Here is an excellent ruling for those of us who know about flashing high-beams.  Why do we do it? What’s the reason behind it? Generally it’s because the idiot coming from the opposite direction has their high-beams on and we are trying to remind them to turn them off.

In this case, a driver happened to flash his high-beams at the officer twice.  So the officer pulled him over to “investigate.” The officer subsequently arrested him for a DUI.  The question is… can an officer stop you for flashing your high-beams? Answer: Only in certain circumstances, none of which applied to Mr. Sarber’s case.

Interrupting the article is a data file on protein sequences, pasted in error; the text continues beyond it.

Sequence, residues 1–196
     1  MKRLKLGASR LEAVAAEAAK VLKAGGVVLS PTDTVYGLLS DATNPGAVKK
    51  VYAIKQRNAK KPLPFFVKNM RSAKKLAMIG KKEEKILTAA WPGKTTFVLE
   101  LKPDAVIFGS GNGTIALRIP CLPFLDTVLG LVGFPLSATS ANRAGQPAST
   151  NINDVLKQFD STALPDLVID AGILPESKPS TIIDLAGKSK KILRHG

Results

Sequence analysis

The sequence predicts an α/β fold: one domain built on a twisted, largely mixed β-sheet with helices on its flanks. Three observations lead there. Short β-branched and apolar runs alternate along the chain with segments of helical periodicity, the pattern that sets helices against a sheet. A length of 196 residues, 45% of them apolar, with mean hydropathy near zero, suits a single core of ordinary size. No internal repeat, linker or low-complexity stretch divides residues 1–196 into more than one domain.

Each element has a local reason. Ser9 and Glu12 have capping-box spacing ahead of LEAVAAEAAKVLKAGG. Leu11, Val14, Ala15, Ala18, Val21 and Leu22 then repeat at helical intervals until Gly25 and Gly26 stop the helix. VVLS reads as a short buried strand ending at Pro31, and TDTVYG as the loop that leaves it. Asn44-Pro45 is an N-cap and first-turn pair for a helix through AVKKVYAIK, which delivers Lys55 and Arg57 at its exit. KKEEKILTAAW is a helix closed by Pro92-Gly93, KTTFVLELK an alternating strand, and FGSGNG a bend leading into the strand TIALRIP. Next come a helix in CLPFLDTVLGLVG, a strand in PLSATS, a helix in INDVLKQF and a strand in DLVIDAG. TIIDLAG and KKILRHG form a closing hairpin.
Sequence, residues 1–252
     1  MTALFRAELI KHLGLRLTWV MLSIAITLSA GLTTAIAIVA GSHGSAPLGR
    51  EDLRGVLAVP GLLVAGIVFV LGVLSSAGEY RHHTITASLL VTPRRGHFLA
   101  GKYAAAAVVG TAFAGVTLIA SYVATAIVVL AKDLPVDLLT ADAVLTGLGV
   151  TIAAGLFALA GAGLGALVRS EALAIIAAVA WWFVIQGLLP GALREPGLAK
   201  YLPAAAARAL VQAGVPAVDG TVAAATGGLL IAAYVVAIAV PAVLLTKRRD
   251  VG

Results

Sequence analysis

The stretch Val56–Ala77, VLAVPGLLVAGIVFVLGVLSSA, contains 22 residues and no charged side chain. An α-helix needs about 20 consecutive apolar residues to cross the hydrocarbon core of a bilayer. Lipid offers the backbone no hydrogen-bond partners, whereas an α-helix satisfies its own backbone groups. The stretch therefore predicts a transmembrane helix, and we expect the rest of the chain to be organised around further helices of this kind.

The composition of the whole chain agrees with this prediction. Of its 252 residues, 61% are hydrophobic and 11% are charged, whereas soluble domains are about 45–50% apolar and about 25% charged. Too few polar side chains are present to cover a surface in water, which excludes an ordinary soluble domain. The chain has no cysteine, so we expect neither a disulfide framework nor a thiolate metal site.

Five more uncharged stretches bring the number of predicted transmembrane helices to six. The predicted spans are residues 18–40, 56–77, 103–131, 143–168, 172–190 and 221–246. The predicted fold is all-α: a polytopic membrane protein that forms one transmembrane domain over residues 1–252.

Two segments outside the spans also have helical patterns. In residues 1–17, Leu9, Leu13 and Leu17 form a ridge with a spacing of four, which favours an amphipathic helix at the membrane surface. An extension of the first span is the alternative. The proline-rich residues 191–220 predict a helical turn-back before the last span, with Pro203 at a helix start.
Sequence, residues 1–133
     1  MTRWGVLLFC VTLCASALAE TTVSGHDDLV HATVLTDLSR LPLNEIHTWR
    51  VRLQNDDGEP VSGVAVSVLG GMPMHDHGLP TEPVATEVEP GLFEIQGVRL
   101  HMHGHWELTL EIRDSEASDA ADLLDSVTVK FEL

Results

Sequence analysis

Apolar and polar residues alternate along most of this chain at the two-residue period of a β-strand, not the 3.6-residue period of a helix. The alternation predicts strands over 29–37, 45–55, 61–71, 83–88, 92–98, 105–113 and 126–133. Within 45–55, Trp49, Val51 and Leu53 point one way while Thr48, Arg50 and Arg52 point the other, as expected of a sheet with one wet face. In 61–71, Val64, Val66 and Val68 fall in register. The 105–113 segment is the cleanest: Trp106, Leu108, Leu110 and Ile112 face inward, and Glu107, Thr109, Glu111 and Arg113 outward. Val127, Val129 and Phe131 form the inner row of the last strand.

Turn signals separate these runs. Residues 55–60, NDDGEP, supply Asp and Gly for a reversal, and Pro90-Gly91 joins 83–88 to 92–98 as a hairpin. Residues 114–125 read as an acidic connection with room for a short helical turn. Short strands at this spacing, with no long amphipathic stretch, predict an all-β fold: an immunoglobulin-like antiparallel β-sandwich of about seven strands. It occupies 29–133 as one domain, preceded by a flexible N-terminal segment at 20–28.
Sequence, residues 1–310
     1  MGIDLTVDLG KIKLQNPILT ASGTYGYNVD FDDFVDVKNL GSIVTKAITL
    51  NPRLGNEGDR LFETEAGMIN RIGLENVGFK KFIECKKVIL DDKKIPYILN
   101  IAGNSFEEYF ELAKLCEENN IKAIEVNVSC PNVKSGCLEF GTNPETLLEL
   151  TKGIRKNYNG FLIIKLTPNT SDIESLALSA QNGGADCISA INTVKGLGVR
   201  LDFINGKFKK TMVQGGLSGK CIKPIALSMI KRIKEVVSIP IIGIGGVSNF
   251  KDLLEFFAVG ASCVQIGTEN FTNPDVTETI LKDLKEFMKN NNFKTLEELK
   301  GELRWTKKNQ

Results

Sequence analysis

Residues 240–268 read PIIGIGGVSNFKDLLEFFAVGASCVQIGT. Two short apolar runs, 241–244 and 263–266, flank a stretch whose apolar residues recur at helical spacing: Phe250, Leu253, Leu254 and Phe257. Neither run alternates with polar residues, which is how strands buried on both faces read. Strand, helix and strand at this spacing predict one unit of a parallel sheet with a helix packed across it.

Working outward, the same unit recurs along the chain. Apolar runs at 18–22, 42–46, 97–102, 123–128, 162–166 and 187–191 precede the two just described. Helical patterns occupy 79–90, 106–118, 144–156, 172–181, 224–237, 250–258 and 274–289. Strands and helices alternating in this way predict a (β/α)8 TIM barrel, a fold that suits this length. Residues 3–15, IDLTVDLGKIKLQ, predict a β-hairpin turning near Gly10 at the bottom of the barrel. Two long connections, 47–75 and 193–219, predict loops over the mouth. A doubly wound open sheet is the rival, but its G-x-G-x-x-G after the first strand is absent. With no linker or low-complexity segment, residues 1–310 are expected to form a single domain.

A12-0110        Aaron Neil Sarber, petitioner, Appellant, vs. Commissioner of Public Safety, Respondent.

Mille Lacs County District Court, Hon. Judge Steven A. Anderson.

A driver’s conduct in twice flashing the high-beam headlights of his vehicle at oncoming traffic is not an objective basis for an investigatory traffic stop when the record contains no evidence that the headlights projected “glaring rays . . . into the eyes of the oncoming driver” in a manner that blinded, impaired, or distracted another driver.  Minn. Stat. ยง 169.61(b) (2010).

Reversed.  Judge John R. Rodenberg.

By: Landon J. Ascheman, Esq.
(B) 612.217.0077 (C) 651.280.9533